USAir, United face rough ride Turbulence ahead: USAir and United Airlines would have to get by daunting antitrust, financial obstacles to pull off merger.

October 04, 1995|By Suzanne Wooton | Suzanne Wooton,SUN STAFF

A takeover of USAir by United Airlines would face monumental financial and legal hurdles and, if successful, could trigger a domino effect with other airlines scrambling to protect themselves by consolidating, analysts and industry experts said yesterday.

Compared with recent mega-deals in the telecommunications industry, a merger between Arlington, Va.-based USAir and United might look minuscule. But it would get far more scrutiny from the U.S. Justice Department's antitrust division because of its implications for the traveling public.

The two airlines announced Monday that they were conducting preliminary discussions on a possible deal that would plug USAir into Chicago-based United's global network and give United access to the lucrative mid-Atlantic and Northeast markets, where it has little presence. USAir also said it was in preliminary talks with American Airlines.

"There are significant-enough issues to prompt a major investigation," said Mark Schechter, a Washington attorney and former top official in the Justice Department's antitrust division.

An alliance between the nation's largest and sixth-largest carriers -- with combined revenues of $20.5 billion -- undoubtedly would also face strong opposition from other carriers, which would mobilize their political forces in Washington.

"You could eliminate competition with a move like this," said Jon Ash, managing director of Global Aviation Associates in Washington. "Then you'll have a domino effect and, basically, you'd be headed for three or four airlines. You're looking at a potentially, seriously ugly battle here."

Aside from the antitrust issues, USAir's financial plight could also thwart a deal. Burdened by $2 billion in debt, high costs and competition from discount carriers, USAir has lost $3 billion over the past six years. Although it said it expects to be profitable this year, its future is threatened by its failure so far to win badly needed concessions from its labor unions.

A deal could also be complicated by USAir's alliance with British Airways, which owns 24.6 percent of the company. BA competes with both United and American on international flights.

Indeed, the difficulties any buyer would face were reflected on Wall Street yesterday, where United's shares fell $6.125, to $166.625, and American's $2.125, to $68.50. USAir shares, on the other hand, gained $1 to close at $12.625. It was the third-most-active U.S. issue trading.

While USAir, the largest carrier at BWI, said it is talking with American, a deal with United seems more likely. In a major restructuring in 1994, United gave up 55 percent of the company to employees in exchange for $4.8 billion in wage and work-rule concessions, putting the company on a sounder financial footing.

In contrast, Dallas-based American is still seeking concessions from its labor unions and continues to cut its fleet and eliminate hubs to save money.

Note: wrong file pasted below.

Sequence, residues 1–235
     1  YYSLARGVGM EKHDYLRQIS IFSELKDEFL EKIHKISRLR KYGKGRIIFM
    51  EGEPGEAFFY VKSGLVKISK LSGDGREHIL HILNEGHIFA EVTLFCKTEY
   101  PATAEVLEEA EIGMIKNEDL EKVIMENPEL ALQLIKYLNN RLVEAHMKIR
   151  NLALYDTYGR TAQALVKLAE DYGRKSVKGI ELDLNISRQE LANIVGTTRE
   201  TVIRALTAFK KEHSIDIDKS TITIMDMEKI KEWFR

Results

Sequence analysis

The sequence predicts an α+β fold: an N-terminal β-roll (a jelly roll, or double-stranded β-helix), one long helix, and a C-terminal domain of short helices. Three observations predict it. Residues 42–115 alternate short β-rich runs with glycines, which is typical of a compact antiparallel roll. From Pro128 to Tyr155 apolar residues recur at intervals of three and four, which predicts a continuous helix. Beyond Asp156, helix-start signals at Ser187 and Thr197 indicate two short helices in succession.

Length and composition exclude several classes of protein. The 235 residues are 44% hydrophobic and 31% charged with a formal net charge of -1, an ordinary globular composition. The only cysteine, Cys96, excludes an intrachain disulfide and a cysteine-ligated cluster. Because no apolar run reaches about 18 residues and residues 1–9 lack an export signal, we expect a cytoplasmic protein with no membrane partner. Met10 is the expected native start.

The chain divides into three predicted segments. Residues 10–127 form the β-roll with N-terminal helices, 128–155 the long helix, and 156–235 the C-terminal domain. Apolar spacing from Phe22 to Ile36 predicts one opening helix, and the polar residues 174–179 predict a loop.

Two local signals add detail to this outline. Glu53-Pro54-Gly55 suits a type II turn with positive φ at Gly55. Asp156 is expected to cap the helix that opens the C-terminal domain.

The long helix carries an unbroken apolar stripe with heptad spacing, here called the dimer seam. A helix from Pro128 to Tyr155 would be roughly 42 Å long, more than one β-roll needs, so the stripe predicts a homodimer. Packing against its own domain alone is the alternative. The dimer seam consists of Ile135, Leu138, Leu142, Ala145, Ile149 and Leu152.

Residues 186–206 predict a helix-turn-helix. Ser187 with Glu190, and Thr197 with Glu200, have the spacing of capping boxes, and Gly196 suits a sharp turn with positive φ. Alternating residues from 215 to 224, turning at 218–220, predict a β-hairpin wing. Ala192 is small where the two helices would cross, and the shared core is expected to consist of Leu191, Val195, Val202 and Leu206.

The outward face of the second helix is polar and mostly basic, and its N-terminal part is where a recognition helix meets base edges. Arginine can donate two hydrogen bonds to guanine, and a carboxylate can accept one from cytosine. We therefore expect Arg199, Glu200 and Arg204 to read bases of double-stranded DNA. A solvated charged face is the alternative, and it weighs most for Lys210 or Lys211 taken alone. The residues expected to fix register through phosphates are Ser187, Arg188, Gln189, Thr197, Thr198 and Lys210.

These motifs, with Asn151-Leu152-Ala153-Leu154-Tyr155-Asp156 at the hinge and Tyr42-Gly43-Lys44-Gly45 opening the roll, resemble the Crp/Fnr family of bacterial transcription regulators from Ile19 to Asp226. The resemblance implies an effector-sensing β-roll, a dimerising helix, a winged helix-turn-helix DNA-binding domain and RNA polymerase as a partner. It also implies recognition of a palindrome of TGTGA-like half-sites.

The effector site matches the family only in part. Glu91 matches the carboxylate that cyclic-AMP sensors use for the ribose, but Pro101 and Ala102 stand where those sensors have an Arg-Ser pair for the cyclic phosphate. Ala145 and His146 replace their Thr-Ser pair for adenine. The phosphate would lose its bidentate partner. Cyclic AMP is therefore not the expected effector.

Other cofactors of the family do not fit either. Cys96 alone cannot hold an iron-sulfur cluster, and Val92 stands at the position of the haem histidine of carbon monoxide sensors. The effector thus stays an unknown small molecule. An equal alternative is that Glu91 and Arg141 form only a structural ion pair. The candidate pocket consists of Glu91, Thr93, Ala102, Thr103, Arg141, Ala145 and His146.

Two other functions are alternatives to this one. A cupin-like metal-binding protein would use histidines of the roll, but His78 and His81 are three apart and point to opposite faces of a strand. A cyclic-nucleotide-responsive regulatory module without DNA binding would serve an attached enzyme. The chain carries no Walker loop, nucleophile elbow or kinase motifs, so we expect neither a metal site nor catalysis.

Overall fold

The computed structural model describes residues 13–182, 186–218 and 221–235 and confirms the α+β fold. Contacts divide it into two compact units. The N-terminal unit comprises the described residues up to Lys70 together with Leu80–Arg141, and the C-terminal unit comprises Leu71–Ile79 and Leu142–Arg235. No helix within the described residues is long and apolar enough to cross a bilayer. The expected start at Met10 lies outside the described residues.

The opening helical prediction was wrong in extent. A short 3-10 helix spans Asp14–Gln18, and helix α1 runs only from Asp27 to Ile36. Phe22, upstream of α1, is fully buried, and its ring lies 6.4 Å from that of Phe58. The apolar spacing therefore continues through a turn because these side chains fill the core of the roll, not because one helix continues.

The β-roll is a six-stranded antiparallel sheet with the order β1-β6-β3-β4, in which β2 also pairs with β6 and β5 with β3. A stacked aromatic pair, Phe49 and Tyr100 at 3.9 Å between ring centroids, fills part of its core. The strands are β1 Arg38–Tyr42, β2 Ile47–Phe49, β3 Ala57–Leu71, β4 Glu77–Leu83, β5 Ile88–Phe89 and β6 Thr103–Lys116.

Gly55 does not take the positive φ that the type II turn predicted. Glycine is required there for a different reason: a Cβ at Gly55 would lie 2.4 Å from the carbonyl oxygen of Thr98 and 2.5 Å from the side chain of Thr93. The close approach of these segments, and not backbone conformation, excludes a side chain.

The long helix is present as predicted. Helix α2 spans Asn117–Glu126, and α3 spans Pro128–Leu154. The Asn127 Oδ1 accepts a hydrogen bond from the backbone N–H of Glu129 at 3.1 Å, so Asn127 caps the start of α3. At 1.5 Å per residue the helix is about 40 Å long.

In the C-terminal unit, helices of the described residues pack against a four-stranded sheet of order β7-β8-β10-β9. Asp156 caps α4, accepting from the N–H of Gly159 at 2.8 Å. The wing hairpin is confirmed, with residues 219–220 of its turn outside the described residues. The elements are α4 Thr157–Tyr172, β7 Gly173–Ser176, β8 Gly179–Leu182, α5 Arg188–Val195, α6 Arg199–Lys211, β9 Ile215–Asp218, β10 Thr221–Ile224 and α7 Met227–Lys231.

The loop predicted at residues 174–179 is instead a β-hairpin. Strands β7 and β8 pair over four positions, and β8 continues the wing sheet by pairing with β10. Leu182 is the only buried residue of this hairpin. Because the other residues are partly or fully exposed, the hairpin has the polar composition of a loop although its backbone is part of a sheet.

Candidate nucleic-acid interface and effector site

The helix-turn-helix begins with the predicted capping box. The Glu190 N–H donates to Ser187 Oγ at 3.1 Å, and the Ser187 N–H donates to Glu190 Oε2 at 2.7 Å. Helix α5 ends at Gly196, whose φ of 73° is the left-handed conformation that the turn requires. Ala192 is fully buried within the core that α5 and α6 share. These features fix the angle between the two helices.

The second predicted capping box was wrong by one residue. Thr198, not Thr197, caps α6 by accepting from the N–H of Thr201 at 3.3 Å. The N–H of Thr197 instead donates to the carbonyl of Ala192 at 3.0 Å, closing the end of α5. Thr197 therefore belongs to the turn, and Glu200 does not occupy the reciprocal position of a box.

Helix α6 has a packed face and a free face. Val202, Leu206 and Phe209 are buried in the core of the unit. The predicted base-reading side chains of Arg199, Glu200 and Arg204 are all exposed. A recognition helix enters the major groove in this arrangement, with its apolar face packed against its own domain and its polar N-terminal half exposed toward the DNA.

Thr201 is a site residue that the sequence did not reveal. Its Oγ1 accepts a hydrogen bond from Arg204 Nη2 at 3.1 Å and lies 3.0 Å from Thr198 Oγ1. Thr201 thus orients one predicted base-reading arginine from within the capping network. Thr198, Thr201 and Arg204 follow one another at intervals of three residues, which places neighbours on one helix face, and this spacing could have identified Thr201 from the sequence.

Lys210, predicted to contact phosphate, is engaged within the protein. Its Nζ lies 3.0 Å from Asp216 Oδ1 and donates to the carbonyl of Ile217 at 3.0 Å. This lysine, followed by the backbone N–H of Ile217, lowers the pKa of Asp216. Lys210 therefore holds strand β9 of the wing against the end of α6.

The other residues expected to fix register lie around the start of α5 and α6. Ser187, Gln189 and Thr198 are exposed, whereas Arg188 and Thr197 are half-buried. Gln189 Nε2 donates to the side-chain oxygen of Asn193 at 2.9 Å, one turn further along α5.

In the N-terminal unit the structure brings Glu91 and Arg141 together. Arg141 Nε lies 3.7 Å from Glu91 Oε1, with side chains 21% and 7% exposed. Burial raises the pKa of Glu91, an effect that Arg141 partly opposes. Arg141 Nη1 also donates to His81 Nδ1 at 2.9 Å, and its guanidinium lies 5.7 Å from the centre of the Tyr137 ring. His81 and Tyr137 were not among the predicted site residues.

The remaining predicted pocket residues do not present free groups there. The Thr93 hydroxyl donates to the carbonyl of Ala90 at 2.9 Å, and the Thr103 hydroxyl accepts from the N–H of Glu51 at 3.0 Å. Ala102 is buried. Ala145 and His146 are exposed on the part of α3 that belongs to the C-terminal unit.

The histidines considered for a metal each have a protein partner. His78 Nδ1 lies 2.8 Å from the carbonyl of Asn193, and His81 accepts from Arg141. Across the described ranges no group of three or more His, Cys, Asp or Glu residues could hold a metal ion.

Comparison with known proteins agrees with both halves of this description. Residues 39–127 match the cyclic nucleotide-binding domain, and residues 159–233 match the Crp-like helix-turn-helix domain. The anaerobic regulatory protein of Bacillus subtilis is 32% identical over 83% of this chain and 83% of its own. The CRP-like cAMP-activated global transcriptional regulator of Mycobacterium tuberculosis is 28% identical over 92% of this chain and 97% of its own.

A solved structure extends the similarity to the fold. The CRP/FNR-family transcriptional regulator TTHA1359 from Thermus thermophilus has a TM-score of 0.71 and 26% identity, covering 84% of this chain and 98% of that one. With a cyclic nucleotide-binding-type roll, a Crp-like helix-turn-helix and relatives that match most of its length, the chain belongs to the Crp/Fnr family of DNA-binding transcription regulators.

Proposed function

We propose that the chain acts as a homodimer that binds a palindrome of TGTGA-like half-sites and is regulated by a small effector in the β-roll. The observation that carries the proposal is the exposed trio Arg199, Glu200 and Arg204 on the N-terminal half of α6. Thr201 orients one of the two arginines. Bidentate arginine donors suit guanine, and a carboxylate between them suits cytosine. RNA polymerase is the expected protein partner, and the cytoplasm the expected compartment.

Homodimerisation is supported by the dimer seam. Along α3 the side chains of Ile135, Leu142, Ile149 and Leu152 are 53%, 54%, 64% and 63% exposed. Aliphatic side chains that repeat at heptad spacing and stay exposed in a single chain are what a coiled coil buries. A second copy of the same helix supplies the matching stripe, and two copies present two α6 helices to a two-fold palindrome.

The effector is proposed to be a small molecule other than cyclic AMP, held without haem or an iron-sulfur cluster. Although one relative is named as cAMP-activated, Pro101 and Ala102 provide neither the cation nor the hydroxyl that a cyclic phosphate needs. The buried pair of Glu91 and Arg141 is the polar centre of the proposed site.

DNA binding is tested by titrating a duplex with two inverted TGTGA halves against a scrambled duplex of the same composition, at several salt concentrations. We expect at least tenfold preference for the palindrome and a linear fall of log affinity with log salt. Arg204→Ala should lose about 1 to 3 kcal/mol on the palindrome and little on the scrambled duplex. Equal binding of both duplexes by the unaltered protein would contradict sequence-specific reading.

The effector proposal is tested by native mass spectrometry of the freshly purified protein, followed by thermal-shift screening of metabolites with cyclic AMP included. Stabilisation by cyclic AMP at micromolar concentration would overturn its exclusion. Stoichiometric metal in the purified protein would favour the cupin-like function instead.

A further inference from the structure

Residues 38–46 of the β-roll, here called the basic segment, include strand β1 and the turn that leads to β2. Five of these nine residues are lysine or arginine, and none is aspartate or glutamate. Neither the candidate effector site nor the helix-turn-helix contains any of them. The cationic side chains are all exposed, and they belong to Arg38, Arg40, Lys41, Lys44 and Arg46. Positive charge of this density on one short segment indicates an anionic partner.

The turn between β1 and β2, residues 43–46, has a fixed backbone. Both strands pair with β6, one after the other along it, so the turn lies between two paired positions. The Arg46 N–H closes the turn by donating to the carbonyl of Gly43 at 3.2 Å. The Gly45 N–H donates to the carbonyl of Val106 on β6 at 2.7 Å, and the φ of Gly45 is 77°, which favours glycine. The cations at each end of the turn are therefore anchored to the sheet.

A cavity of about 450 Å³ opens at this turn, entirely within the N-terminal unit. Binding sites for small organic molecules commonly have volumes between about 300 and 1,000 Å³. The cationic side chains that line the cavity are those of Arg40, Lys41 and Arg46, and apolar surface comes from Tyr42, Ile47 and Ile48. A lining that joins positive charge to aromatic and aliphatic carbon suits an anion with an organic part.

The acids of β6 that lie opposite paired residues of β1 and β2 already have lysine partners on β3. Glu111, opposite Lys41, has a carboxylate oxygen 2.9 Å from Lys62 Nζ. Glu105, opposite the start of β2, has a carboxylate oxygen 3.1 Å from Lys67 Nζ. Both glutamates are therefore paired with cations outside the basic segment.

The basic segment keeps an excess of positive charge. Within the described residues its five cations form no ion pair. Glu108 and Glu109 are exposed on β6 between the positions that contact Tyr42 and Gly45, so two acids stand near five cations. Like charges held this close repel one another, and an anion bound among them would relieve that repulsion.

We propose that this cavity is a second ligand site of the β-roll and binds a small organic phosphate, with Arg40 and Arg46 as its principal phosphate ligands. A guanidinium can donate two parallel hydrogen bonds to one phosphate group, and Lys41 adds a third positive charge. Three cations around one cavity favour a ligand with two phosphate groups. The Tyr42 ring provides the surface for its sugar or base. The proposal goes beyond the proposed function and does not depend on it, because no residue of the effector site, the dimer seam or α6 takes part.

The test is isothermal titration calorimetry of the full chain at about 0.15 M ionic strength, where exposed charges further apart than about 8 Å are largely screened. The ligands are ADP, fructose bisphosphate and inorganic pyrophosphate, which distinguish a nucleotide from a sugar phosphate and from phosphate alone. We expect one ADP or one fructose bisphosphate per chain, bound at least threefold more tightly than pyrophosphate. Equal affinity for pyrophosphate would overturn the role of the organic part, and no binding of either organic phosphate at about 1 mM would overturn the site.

"It makes a lot of sense to integrate USAir and United," Mr. Ash said. "The systems fit together really well. This is great added value to United and it puts USAir in a mega-global network."

While the merger appears to be a strategic fit for the airlines, Mr. Ash and others expressed skepticism -- and some cynicism -- about the ultimate outcome.

"What you have here is United looking for a way to get a lock on the East Coast at a fire sale price and USAir looking for a messiah but not thinking about selling at a bargain basement price," said Timothy F. Sieber, vice president of Aviation Systems Research, a Golden, Colo., consulting firm.

"The fear of God"

"The end result will probably be no merger, but in the short run put the fear of God in the unions, bring them to the table and USAir will get what it wants."

But a spokesman for the USAir pilots union in Pittsburgh yesterday downplayed that theory and insisted that the merger makes good business sense.

"No one would put their company into play just to posture against the unions," said Bob Godiozo, a USAir pilot. "When you look at the route structures it fits very well it's a positive business move."

Such a deal would require USAir's unions to be integrated into United's contracts, though perhaps with significantly different terms since the wages of United's workers are based on their buyout plan.

With the highest costs in the industry, USAir tried to get $2.5 billion in concessions over five years from its labor unions. The company ultimately called off negotiations this summer, saying negotiations were making no progress.

Over the next 15 months, it will renegotiate contracts individually with its four major unions, starting with the Machinists.

United said yesterday that it will take a month to examine USAir's books before deciding whether to pursue a deal.

British Airways uses its alliance with USAir to provide feeder service into its trans-Atlantic routes.

Yesterday, British Airways said the prospective merger presents "interesting options" to expand BA's reach into the United States and boost the value of its investment in USAir.

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